This Town: Two Parties and a Funeral - Plus Plenty of Valet Parking - InAmerica's Gilded Capital

This Town: Two Parties and a Funeral - Plus Plenty of Valet Parking - InAmerica's Gilded Capital

  • Paperback
  • English
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Hailed as 'vastly entertaining and deeply troubling' (The New York Times Book Review), 'as insidery as Game Change' (The Washington Post), and a 'hysterically funny portrait of the capital's vanities and ambitions' (The New Yorker), This Town captured America's attention as the political book of 2013. With a new Introduction by author MarkLeibovich, the book that is changing the national conversation about Washington is available in a stunning new edition. Washington, D.C., might be loathed from every corner of the nation, yet these are fun and busy days at this nexus of big politics, big money, big media, and big vanity. There are no Democrats and Republicans anymore in the nation's capital, just millionaires. In This Town, Mark Leibovich, chief national correspondent for The New York Times Magazine, presents a blistering, stunning - and often hysterically funny - examination of our ruling class's incestuous 'media industrial complex.' Through his eyes, we discover how the funeral for a beloved newsman becomes the social event of the year. How political reporters are fetishized for their ability to get their names into the predawn e-mail sent out by the city's most powerful and puzzled-over journalist. How a disgraced Hill aide can overcome ignominy and maybe emerge with a more potent 'brand' than many elected members of Congress. And how an administration bent on 'changing Washington' can be sucked into the ways of This Town with the same ease with which Tea Party insurgents can, once elected, settle into it like a warm bath. Outrageous, fascinating, and very necessary, This Town is a must-read, whether you're inside the Beltway - or just trying to get there.


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Hailed as 'vastly entertaining and deeply troubling' (The New York Times Book Review), 'as insidery as Game Change' (The Washington Post), and a 'hysterically funny portrait of the capital's vanities and ambitions' (The New Yorker), This Town captured America's attention as the political book of 2013. With a new Introduction by author MarkLeibovich, the book that is changing the national conversation about Washington is available in a stunning new edition. Washington, D.C., might be loathed from every corner of the nation, yet these are fun and busy days at this nexus of big politics, big money, big media, and big vanity. There are no Democrats and Republicans anymore in the nation's capital, just millionaires. In This Town, Mark Leibovich, chief national correspondent for The New York Times Magazine, presents a blistering, stunning - and often hysterically funny - examination of our ruling class's incestuous 'media industrial complex.' Through his eyes, we discover how the funeral for a beloved newsman becomes the social event of the year. How political reporters are fetishized for their ability to get their names into the predawn e-mail sent out by the city's most powerful and puzzled-over journalist. How a disgraced Hill aide can overcome ignominy and maybe emerge with a more potent 'brand' than many elected members of Congress. And how an administration bent on 'changing Washington' can be sucked into the ways of This Town with the same ease with which Tea Party insurgents can, once elected, settle into it like a warm bath. Outrageous, fascinating, and very necessary, This Town is a must-read, whether you're inside the Beltway - or just trying to get there.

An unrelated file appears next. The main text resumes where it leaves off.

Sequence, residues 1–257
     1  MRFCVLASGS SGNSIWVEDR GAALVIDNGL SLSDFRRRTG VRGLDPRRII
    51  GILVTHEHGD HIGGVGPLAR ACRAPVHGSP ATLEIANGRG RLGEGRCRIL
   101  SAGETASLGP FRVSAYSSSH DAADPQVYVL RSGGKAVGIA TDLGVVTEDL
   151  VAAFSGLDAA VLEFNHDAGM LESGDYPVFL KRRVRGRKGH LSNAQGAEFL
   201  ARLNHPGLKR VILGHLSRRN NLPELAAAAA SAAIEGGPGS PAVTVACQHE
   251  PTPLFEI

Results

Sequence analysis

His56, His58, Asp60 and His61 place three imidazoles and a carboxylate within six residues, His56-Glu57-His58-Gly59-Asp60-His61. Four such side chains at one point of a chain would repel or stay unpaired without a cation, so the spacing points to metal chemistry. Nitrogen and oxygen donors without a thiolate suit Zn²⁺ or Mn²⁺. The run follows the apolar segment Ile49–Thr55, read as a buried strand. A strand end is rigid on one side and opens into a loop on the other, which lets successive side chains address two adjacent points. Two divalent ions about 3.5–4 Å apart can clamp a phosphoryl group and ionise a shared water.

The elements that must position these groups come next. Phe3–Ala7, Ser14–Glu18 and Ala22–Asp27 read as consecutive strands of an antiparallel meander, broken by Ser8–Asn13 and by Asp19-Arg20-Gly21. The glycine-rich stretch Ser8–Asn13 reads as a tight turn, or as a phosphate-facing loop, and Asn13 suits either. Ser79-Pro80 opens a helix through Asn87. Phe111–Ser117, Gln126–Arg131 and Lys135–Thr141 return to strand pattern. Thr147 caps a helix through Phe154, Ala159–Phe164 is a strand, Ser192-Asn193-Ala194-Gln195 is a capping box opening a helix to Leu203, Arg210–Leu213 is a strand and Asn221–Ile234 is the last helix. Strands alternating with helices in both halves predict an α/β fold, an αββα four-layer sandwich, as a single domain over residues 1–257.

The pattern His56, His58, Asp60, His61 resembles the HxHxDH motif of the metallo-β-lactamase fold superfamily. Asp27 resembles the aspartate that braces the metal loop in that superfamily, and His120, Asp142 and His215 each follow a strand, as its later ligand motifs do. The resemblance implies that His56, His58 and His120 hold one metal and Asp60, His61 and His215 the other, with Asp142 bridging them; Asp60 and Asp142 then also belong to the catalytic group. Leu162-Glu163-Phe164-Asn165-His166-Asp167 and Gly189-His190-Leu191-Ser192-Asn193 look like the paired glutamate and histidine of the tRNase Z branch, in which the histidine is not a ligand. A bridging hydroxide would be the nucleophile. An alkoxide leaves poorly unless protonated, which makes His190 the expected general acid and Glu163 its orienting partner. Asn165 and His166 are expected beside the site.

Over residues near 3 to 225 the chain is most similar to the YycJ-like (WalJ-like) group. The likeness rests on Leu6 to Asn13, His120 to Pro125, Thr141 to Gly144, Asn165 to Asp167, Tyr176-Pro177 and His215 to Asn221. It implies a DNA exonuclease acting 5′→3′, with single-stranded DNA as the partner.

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About Mark Leibovich

Mark Leibovich is The New York Times Magazine chief national correspondent, based in Washington, DC. In 2011, he received a National Magazine Award for his story on Politico’s Mike Allen and the changing media culture of Washington. Prior to coming to the Times Magazine, Leibovich was a national political reporter in the Times’ DC bureau. He has also worked at The Washington Post, The San Jose Mercury News, and The Boston Phoenix, and is the author of The New Imperialists, a collection of profiles on technology pioneers. Leibovich lives with his family in Washington, DC

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